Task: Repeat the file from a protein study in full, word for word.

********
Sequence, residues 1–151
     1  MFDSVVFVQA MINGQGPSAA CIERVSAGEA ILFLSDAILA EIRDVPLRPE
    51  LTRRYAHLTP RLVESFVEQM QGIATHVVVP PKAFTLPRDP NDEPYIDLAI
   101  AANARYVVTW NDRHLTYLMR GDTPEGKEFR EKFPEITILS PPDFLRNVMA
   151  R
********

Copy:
Sequence, residues 1–151
     1  MFDSVVFVQA MINGQGPSAA CIERVSAGEA ILFLSDAILA EIRDVPLRPE
    51  LTRRYAHLTP RLVESFVEQM QGIATHVVVP PKAFTLPRDP NDEPYIDLAI
   101  AANARYVVTW NDRHLTYLMR GDTPEGKEFR EKFPEITILS PPDFLRNVMA
   151  R